I've always known that chocolate was bad for our little furry friends -- both dogs and cats -- but I've never really understood why. Since I'm pretty much a chocoholic, albeit a controlled chocoholic (can there be such a thing?), and Zoey the cool cat lives with me,
I thought I'd see what the Internet said about chocolate poisoning for pets and the signs of chocolate poisoning. I do keep chocolate candy bars on the kitchen counter, and while Zoey knows that certain areas of the house are out of bounds (e.g., kitchen countertops, dining room table, top of refrigerator since there's an intermediate stop on the kitchen countertop, and my grand piano), one always has to be prepared when there's an animal involved.
So off we go ("into the wild blue yonder." Or is "to follow the yellow brick road"?) to investigate chocolate.
Chocolate is made from cacao beans, and the toxic component is theobromine. I would have thought that anything that ends in "bromine" probably would have had some bromine in it, but not in this case. Theobromine is simply a derivation of Theobroma, which is the genus of the cacao tree.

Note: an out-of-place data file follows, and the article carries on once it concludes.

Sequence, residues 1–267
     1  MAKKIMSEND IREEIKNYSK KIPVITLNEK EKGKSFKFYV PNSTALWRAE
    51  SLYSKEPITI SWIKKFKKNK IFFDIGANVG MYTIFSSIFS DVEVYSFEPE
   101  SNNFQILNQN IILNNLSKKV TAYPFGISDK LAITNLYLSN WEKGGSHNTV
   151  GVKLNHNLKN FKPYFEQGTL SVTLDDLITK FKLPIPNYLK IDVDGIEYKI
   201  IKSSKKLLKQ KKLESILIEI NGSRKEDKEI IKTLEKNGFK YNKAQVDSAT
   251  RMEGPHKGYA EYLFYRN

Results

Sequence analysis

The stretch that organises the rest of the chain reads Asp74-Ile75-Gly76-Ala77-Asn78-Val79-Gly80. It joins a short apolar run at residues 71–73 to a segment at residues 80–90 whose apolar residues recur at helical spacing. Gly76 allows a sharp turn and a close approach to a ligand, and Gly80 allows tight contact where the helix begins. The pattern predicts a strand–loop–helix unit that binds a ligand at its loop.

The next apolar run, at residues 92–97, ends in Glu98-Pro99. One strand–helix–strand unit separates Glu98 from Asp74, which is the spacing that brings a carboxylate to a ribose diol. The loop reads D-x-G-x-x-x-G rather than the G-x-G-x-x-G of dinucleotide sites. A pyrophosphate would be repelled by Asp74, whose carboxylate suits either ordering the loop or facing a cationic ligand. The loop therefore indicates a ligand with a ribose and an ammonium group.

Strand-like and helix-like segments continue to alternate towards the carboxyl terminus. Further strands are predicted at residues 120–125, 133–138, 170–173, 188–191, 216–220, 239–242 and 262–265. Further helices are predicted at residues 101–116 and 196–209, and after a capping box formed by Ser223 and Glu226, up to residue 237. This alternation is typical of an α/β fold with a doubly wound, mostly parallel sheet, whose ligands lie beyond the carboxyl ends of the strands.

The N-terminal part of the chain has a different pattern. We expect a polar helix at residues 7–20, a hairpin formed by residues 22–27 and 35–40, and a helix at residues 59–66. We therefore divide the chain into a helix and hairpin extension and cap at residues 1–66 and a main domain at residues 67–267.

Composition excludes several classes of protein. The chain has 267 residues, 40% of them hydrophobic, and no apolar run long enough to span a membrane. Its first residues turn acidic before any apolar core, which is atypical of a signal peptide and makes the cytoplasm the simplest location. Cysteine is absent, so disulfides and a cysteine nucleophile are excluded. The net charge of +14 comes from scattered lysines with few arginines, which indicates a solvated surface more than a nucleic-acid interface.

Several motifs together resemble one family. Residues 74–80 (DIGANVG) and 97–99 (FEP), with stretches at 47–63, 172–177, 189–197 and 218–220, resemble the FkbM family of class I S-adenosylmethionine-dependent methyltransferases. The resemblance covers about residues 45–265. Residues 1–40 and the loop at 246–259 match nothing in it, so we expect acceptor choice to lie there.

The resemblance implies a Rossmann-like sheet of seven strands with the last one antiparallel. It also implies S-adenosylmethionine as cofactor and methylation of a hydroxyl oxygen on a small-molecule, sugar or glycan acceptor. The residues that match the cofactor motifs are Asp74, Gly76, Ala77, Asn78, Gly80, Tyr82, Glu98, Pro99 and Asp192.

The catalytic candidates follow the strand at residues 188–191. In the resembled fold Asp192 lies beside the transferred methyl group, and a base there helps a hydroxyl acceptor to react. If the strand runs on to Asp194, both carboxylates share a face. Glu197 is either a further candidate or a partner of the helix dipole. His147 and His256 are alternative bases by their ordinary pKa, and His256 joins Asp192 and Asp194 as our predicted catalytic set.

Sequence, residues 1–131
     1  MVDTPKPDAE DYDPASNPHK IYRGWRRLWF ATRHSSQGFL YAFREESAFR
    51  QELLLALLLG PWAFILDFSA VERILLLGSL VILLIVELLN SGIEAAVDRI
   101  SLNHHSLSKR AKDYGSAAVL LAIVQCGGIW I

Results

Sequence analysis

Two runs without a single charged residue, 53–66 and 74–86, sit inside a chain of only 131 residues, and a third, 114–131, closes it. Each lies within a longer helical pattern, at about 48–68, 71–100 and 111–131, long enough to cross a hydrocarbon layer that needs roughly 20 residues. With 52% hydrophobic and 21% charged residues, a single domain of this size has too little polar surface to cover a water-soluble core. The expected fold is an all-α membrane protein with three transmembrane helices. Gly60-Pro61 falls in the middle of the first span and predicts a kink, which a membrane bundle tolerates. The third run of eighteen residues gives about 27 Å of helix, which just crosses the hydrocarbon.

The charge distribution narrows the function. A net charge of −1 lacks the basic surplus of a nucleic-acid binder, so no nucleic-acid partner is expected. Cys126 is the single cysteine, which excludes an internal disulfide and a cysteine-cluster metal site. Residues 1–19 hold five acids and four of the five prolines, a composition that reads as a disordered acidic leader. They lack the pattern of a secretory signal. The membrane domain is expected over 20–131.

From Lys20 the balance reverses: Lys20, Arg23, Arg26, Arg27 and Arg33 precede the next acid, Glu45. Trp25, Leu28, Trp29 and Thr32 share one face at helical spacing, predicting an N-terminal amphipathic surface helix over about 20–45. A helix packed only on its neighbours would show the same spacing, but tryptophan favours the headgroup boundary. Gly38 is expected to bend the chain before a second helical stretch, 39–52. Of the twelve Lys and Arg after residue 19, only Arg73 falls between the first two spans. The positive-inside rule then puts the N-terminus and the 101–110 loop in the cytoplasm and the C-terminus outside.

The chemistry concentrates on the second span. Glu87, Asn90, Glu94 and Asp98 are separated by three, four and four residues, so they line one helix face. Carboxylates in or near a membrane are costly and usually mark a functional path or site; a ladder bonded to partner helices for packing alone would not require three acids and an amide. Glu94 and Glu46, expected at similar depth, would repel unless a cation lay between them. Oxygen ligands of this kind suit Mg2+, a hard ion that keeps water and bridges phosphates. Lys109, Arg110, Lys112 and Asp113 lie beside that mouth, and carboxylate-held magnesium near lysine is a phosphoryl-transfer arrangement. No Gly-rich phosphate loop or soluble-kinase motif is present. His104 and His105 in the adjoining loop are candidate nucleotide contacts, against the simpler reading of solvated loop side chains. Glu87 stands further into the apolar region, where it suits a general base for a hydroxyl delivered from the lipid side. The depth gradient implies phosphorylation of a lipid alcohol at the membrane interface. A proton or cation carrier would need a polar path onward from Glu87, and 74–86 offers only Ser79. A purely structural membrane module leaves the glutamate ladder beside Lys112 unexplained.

Theobromine was discovered in 1841 in cacao beans and isolated in 1878. Uses in modern medicine include as a diuretic and heart stimulant. I can vouch for the heart stimulant; my heart beats a few times faster when there's chocolate in the room -- LOL.
Interestingly, theobromine is one of the byproducts when the human liver processes caffeine.
The toxic dose of theobromine for our pets is 100-200 milligrams per 2.2 pounds of pet weight, although the ASPCA has documented problems at concentrations as low as 20 milligrams per 2.2 pounds of weight.
Worst chocolates for your pets:
Unsweetened chocolate, also known as baker's chocolate -- 390-450 milligrams of theobromine per ounce
Semi-sweet chocolate -- 150-300 milligrams of theobromine per ounce
Milk chocolate -- 44-60 milligrams of theobromine per ounce
White chocolate -- small amounts; poisoning unlikely
Translated into something we can understand, a 50 pound dog would have to eat about nine ounces of milk chocolate to ingest 20 milligrams per 2.2 pounds of weight. Zoey the cool cat would have to eat about two ounces.
I found a list of warning signs for chocolate poisoning for our pets, and the same list was in several articles. I don't really like the final item on the list, "death." I would ask, "Can death be a WARNING sign?" I guess it could be if you have other pets. Anyway, here's the warning signs:
excessive thirst accompanied by excessive urination
Take care of your pets.
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